TrueBlue 05-01-2007 01:03 PM


Here in Chesapeake country, there's a great freebie sailing publication called SpinSheet.
I actually read an outstanding review of my boat in SpinSheet - even saved a copy of the article on my hard drive. That's what first sold me on the model.

SailorMitch 05-01-2007 01:36 PM


Originally Posted by TrueBlue
I actually read an outstanding review of my boat in SpinSheet - even saved a copy of the article on my hard drive. That's what first sold me on the model.

Must be one of Jack Hornor's reviews. He does a great job with those. He's an ace surveyor and also a naval architect -- which is one reason I always recommend him when people come on here asking for a surveyor in the Annapolis area.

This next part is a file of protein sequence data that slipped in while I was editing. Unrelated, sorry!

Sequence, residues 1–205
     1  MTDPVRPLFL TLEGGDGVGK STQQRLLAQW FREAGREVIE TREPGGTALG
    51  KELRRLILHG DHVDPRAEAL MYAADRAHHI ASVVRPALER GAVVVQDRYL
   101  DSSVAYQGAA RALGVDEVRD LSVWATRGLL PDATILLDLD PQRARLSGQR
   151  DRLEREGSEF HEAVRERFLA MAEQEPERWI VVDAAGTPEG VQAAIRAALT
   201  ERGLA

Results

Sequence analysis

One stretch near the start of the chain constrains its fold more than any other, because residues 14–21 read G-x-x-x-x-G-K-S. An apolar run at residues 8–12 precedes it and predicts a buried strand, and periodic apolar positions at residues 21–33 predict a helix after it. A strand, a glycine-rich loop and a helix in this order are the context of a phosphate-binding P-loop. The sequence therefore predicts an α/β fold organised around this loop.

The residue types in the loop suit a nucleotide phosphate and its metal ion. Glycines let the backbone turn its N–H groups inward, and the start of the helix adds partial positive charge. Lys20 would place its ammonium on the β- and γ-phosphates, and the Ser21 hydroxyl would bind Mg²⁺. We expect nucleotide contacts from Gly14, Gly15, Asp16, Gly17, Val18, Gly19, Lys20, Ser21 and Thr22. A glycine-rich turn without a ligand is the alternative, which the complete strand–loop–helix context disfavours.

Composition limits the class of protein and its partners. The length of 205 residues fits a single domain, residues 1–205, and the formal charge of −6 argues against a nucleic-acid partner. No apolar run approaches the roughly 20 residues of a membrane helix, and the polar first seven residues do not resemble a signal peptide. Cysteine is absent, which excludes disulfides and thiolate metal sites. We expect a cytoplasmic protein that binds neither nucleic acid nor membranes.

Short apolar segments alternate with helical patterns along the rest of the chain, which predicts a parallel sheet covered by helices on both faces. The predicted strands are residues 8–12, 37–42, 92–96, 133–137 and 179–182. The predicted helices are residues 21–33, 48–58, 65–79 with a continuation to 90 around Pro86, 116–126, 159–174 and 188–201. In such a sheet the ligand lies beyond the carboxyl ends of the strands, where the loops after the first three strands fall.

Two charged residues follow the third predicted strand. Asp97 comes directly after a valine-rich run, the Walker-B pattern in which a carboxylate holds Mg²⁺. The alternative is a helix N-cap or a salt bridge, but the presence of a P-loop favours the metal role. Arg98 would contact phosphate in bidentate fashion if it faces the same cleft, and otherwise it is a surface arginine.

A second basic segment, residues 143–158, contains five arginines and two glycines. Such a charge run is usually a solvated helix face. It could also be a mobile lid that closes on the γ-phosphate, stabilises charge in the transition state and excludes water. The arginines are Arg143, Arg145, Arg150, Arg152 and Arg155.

FWIW, when I was first thinking about owning a boat, I seriously looked at the Nauticats. I like the 33 very much, but I fell in love with the older model 38. But I eventually realized that something cheaper was a tad more realistic. :)

Giulietta 05-01-2007 01:36 PM

Build one.....can't go wrong there

labatt 05-01-2007 01:41 PM

I had phenomenal luck with my broker. I started by looking myself. Each boat I looked at was being shown by a broker. Finally I broke down and spoke with the one that seemed to know his stuff and care the least bit about whether we bought a boat - he just wanted to make sure we were happy with what we were buying. He'd tell us the good AND the flaws with each model we looked at. The nice thing about having a broker is that he could take our specifications and find the boats for us. We still had full control over the actual sale and offer. There was never ANY pressure to buy.